When Yahoo ruled the roost, the problem was this: it took forever to get a listing in Yahoo. Some bright spark, by the name of Rich Skrenta, addressed that problem. He created a directory run by webmasters, for webmasters, and anyone else who thought the listings might be valuable.
As the years went by, after Rich had long gone on to bigger and better things, DMOZ, like a sad demented uncle, gradually lost the plot entirely. It is now quicker to get out of the Google sandbox than it is for many webmasters to get a listing for their site in DMOZ. Worst of all, DMOZ alienated the very people who DMOZ was built to serve: webmasters seeking timely directory listings.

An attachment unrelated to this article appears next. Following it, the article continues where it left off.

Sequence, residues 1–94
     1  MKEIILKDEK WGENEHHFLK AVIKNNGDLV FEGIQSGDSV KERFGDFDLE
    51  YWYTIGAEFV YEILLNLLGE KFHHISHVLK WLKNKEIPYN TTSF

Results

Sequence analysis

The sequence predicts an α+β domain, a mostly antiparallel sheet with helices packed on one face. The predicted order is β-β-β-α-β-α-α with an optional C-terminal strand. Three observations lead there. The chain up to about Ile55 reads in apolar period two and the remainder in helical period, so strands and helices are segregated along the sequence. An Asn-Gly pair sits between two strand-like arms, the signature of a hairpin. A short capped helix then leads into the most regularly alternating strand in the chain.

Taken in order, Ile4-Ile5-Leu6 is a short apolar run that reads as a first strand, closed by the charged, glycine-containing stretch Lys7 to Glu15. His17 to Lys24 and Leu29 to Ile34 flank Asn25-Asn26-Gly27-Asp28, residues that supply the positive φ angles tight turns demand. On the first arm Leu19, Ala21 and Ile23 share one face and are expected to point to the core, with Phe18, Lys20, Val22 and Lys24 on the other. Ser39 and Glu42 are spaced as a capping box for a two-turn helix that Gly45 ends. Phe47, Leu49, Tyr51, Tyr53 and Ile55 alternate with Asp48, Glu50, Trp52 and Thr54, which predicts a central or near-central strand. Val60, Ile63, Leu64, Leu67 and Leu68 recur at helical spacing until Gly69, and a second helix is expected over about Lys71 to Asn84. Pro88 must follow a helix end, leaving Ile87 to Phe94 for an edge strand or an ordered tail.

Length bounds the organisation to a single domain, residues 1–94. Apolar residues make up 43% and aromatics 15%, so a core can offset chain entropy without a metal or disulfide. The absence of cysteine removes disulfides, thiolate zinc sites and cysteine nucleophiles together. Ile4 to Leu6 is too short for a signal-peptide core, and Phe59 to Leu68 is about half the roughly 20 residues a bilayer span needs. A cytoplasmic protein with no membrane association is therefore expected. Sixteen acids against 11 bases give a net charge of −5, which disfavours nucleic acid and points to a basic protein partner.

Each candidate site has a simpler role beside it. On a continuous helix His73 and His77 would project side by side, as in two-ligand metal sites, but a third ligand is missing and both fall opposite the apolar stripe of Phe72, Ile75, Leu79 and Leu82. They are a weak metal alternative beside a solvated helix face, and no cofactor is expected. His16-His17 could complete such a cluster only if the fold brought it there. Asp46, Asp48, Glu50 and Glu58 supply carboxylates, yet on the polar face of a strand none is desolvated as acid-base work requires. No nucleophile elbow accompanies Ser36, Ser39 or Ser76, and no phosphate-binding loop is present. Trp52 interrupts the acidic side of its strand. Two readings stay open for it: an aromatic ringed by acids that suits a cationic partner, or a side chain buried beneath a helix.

There are various reports surfacing on the web that DMOZ has been experiencing unspecified hardware problems for more than a week, with editors unable to log in, and no eta of a fix. Has the old dinosaur gone belly up?
These days, directories aren’t hard to run, so it made sense for webmasters to take back the initiative and start their own directories. There are now a huge collection of distributed directories doing a very similar job to the early DMOZ. Wikipedia is providing up-to-date detailed information on any topic you can think of. Google provides a rather good search function.
So where is DMOZ placed in 2006?
There’s a lesson in here somewhere, and it centers around webmasters.